2/18/2014 6:25 P.M. ET
Zobrist echoes thoughts on Rays' chemistry, goals
By Adam Berry / MLB.com
PORT CHARLOTTE, Fla. -- Ben Zobrist reported to the Rays' Spring Training clubhouse on Tuesday afternoon and saw a group of mostly familiar faces. He said it felt more like a bunch of friends or family coming back together after a vacation, not like the start of a new season.
But with that continuity, Zobrist said, comes a certain degree of urgency.
"We feel like we've already been through a lot together. I feel like things might get put together really quickly here in Spring Training with the guys that we've added over the course of the offseason. It feels like such a tight group," Zobrist said. "We're going to work to win it all. I don't think anybody's going to be satisfied trying to get to the playoffs or squeaking in like we did last year. It's going to be a lot more of a dedicated drive to win the World Series instead of just winning in general."
Like Rays manager Joe Maddon, Zobrist was comfortable publicly stating such a lofty goal for Tampa Bay this season. The 32-year-old infielder/outfielder said he enters every year with high expectations, tempering them with the understanding that some things are out of the team's control, and he believes it's realistic to expect big things out of the 2014 Rays.
"We know what we're looking at, what kind of club we have. We've dealt with pressure," Zobrist said. "I don't want to put undue pressure on guys, and I try not to do that on myself, but at the same time, we know what we're capable of. Because of that, we want to believe something corporately that is going to happen and kind of take the necessary steps to make it happen over the course of the season.
"We've got to take it day by day, but at the same time, when we look over the course of the season, at the start you're thinking at the highest. I like to think of the best possible scenario and deal with the challenges as they come."
On a personal level, Zobrist said he expects to play more second base this year, considering the crowded outfield mix already includes Desmond Jennings, David DeJesus, Wil Myers and Matt Joyce. Zobrist spent the offseason working on what the club's trainers told him to, and he focused on a few specific things he and hitting coach Derek Shelton discussed last season.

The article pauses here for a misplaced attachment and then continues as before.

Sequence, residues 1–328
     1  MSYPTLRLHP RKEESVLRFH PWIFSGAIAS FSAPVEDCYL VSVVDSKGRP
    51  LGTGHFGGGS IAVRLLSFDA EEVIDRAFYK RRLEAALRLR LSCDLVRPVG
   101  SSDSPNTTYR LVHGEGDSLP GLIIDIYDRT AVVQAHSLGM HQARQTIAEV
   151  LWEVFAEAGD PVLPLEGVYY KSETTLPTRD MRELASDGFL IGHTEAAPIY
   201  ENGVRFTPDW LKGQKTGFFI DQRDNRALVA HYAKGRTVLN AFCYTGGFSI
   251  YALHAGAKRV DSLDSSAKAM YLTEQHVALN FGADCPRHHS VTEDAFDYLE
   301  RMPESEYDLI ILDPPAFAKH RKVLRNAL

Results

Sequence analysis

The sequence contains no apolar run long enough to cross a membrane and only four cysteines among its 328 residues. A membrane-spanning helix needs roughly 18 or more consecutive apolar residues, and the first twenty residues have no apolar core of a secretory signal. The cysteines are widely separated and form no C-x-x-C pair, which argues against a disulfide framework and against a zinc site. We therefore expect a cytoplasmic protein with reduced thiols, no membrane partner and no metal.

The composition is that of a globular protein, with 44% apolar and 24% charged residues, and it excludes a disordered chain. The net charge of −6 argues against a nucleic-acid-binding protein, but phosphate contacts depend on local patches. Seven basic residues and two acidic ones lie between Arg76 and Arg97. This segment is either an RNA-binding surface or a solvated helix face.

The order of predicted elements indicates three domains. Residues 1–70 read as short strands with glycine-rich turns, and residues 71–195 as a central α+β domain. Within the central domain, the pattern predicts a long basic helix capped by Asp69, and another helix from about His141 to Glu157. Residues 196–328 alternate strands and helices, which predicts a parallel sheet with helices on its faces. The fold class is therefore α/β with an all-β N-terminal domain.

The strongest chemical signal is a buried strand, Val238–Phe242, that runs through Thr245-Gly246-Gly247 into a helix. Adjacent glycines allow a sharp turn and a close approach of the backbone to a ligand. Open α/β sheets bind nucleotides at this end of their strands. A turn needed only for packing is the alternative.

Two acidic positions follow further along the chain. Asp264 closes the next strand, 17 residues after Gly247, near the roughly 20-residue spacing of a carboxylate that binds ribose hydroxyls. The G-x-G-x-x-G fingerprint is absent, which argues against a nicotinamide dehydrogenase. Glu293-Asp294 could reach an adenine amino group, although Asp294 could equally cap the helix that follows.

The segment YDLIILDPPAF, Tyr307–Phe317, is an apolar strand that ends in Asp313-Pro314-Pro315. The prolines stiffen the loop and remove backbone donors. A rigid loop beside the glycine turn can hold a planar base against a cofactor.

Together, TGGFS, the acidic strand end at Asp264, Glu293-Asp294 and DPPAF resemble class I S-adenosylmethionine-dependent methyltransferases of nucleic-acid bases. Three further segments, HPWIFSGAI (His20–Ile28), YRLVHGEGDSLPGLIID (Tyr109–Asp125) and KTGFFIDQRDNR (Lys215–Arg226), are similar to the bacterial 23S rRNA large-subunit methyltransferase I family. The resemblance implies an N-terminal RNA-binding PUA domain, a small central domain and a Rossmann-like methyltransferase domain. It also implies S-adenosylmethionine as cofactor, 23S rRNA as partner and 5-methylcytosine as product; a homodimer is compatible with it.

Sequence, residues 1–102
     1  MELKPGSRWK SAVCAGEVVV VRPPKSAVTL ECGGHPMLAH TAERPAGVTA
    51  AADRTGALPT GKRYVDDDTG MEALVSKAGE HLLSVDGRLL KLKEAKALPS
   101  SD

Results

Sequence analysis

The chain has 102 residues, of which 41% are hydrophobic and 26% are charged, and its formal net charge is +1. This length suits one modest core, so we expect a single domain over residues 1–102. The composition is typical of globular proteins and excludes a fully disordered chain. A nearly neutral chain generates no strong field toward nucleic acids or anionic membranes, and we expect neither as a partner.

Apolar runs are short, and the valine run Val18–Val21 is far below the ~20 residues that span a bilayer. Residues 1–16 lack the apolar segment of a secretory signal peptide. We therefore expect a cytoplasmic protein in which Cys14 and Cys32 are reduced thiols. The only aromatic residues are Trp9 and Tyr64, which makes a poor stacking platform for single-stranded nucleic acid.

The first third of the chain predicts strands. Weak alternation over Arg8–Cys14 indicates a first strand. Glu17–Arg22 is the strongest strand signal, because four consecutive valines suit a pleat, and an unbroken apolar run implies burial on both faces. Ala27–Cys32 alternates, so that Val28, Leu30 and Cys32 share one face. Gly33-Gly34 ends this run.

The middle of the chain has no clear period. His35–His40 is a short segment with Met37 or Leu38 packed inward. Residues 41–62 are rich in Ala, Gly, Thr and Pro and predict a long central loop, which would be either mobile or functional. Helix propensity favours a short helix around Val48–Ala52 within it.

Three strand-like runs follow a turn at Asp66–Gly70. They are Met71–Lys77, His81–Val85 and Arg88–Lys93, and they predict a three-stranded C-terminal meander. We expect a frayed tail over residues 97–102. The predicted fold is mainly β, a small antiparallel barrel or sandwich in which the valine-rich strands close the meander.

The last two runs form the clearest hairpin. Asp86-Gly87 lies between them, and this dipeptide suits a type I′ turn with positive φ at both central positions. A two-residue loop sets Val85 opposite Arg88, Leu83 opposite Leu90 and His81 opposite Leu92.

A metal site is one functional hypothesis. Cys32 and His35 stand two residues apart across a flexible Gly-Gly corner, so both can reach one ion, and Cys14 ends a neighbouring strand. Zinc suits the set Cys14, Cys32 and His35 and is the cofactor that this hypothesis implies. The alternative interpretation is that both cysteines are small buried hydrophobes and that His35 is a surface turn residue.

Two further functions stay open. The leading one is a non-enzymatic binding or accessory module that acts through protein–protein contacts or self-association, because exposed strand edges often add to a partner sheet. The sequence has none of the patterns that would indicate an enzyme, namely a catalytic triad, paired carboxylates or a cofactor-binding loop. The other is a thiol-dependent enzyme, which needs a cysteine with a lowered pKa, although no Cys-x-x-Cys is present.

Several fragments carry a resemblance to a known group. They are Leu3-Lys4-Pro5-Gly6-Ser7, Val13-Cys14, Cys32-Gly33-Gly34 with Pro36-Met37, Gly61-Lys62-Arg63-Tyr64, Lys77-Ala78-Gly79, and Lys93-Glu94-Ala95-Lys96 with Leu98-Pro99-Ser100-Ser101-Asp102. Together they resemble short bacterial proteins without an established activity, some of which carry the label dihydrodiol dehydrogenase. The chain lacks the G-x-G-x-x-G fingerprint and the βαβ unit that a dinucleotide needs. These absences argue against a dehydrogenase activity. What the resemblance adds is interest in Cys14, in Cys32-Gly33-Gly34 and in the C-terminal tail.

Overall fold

"I just feel healthy, feel strong. I feel like when I go out there and hit in the cage, I'm doing the things that I want to do. It's coming easy right now," Zobrist said. "I know it's not going to be that way when we start games, but as far as my work goes, it's not any sort of grind. It just feels like everything's falling into place the way it's supposed to at this time."
Forsythe impresses Maddon with acumen
PORT CHARLOTTE, Fla. -- Logan Forsythe said he spent most of his first few hours with the Rays just trying to get used to his new surroundings, but he managed to leave a strong initial impression on manager Joe Maddon.
"He's a very self-confident guy. I think he's very self-aware. He knows himself. He just understands himself well," Maddon said Tuesday, the day Forsythe reported to camp. "We put a lot of stuff out there in the meeting. The sheet that we put out there is one of the more impressive sheets I could possibly read at these meetings regarding what he's capable of doing.
"You bring some things to his attention that he had not been aware of before, and you tell him what you think. We always give the guys a chance to verbalize back at us. Very precise, very erudite kind of guy. He understands. It was good, because when you get somebody like that and you really think highly of him, to know that he also supports his physical abilities with his mental abilities, that's kind of nice. He kind of rang true on all accounts today."
Forsythe, who played five positions last season, said he was excited about the idea of being a super-utility man for the Rays. Tampa Bay values versatility, particularly on defense, and Forsythe believes the Rays were a natural fit considering his skill-set.
"It's definitely a new start, new team, new philosophy. I spoke with Joe and I'm real excited about the versatility aspect, kind of relieved to know that's what I'm going to be used for," said Forsythe, who was acquired in the seven-player trade that sent left-handed reliever Alex Torres to the Padres. "Now, it's just go out there and get my work in."